Tuesday, August 15, 2017
Important Solar Eclipse Information
Solar Eclipse | August 21
A total solar eclipse will occur next Monday, August 21, 2017, in some parts of the country; Pasco County will see between a 60 percent and 80 percent solar eclipse. This eclipse is special because people can only see it from inside the United States. It is the first time that an eclipse like this has happened in nearly 100 years.
Some Pasco County Schools dismiss at 2:50 p.m., the time when looking directly at the eclipse can cause the most damage to the eyes. It is important to talk to students about safety precautions both at school and at home!
OPTIONS FOR PARENTS
EDUCATIONAL PLANS FOR THE ECLIPSE
No Pasco County elementary schools will have lessons outdoors, but some secondary school activities will be outdoors. All outdoor eclipse lessons will use proper safety procedures. All participants must use solar viewers verified to be compliant with the ISO 12312-2 International Safety Standard. If a viewing activity is organized by a teacher as part of a science lesson, parents must complete a signed parent permission form for each participating student and return it to their teacher by Monday morning, August 21.
Link to Parent Permission Form
Parents who do not want their children to be a part of any outdoor eclipse plan must let their school know in advance.
At this time, all Pasco County Schools will operate on their regular schedules, but some may use rainy day dismissal procedures to ensure students are supervised. If parents want their children to view the eclipse at home, they can pick them up early or keep children at home that day; it will be an excused absence if accompanied by a note from a parent.
ALL ACTIVITIES, INCLUDING P.E., RECESS, AND ATHLETIC PRACTICES, WILL BE HELD INDOORS FROM 1:15 p.m. to 4:15 p.m.
IMPORTANT SAFETY CAUTION: Do Not Look Up!
The only 100 percent safe way to view the uneclipsed or partially eclipsed sun is on TV or online. Looking directly at the uneclipsed or partially eclipsed sun can permanently damage your eyes. The only safe way to view the eclipse outdoors is through special-purpose solar filters, such as eclipse glasses or handheld solar viewers. Homemade filters or ordinary sunglasses, even very dark ones, are not safe for looking at the sun. Click here for additional information on safe viewing and reputable safety glasses vendors.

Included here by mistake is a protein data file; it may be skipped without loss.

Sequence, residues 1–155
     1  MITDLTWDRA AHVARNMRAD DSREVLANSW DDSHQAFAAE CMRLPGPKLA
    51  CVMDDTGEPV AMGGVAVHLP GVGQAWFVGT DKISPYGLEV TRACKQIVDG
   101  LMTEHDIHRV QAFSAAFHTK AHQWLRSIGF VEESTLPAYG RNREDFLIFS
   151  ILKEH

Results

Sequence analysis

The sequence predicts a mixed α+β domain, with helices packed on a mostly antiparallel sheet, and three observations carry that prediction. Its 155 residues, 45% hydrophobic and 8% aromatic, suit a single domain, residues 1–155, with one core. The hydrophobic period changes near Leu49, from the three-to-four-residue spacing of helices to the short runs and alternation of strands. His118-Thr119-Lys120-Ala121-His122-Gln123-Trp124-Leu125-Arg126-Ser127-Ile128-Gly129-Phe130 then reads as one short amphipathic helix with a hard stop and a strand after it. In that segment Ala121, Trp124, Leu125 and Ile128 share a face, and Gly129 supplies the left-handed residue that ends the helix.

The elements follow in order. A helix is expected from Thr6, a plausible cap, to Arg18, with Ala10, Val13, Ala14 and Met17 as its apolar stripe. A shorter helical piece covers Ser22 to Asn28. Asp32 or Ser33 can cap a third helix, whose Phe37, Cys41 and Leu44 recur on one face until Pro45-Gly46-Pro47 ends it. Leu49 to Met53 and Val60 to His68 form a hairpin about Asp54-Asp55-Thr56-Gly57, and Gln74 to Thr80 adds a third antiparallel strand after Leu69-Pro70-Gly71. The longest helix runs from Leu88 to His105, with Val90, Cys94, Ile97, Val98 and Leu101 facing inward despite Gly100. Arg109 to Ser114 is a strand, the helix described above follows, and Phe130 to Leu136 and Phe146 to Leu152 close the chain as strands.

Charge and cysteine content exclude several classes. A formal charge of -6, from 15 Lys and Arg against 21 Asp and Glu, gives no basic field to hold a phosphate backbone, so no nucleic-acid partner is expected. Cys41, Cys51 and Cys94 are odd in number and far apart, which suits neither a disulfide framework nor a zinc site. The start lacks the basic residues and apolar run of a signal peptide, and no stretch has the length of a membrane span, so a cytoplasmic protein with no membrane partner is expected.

An alternative method for safe viewing of the partially eclipsed sun is with a pinhole projector . With this method, sunlight streams through a small hole – such as a pencil hole in a piece of paper, or even the space between your fingers – onto a makeshift screen, such as a piece of paper or the ground. It’s important to watch the screen, not the sun.
Below is information pulled from the NASA eclipse website: https://goo.gl/ouw9DS.
VIEW THE NASA TV broadcast – Live video streams from locations across the country will be available at:
The 2017 solar eclipse is shaping up to be one of the biggest science events of the digital era. NASA will provide social media updates via the agency’s flagship accounts onFacebook,Twitter,Tumblr,Instagram,Snapchat,Google+, and LinkedIn.
NASA is also providing live streaming coverage during the eclipse via the NASA App and on the following social media streaming sites:
Several more NASA social media accounts will have information about the eclipse.
PHOTOGRAPHY AND VIDEOS
To view and download NASA eclipse photography on Aug. 21, visit:
All imagery and videos are in the public domain and can be used with the proper credit. For more information, please see NASA’s Media Usage Guidelines at:
For more information on viewing safety, eclipse activities, and observing assets, visit: